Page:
From the “send money or the instrumentation gets it” department comes news that the TAO array may already be toast due to budget constraints. One wonders if money sucked into climate programs might be a factor.
From Nature News: Nearly half of the moored buoys in the Tropical Atmosphere Ocean (TAO) array have failed in the last two years, crippling an early-warning system for the warming and cooling events in the eastern equatorial Pacific, known respectively as El Niño and La Niña. Scientists are now collecting data from just 40% of the array.
“It’s the most important climate phenomenon on the planet, and we have blinded ourselves to it by not maintaining this array,” says Michael McPhaden, a senior scientist at the US National Oceanic and Atmospheric Administration (NOAA) in Seattle, Washington. McPhaden headed the TAO project before it was transferred out of NOAA’s research arm and into the agency’s National Weather Service in 2005.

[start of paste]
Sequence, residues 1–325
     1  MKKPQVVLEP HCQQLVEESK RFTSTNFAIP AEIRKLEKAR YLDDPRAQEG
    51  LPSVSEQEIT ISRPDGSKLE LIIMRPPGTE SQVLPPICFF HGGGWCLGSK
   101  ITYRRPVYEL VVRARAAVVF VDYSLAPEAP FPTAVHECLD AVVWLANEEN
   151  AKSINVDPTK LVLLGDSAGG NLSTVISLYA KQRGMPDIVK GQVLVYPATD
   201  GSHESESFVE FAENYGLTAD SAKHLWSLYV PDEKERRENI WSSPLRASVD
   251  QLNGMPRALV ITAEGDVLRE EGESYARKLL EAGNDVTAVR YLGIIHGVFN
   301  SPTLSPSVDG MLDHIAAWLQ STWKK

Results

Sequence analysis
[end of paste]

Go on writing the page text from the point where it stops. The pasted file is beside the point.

The network was developed over the course of a decade following the massive El Niño of 1982‒1983. NOAA maintains some 55 buoys across the eastern and central Pacific that monitor weather conditions as well as water temperatures down to 500 metres. Working in concert, the Japan Agency for Marine-Earth Science and Technology (JAMSTEC) maintains another dozen buoys in the western tropical Pacific. Combined, the monitoring system has become a cornerstone for seasonal weather forecasting given the tropical Pacific’s influence on broader weather patterns.
Fig. 1. TAO Array in the Pacific.
Image: NOAAThe TAO array monitors conditions in the tropical Pacific Ocean. Turquoise dots represent US buoys, while yellow dots show Japanese buoys.
An array adrift
The array’s troubles began in 2012, when budget cuts pushed NOAA to retire a ship dedicated to performing the annual servicing that keeps the TAO buoys in working order. According to McPhaden, NOAA’s annual budget for the project stood at about US$10‒$12 million before 2012 — a figure that included around $6 million to cover the dedicated ship. In fiscal year 2013, the agency spent $2‒$3 million to charter boats for maintenance runs, but McPhaden says that these operations have not been enough to keep the system going. Meanwhile, although JAMSTEC has thus far kept its portion of the array up and running, it too is under budgetary pressure.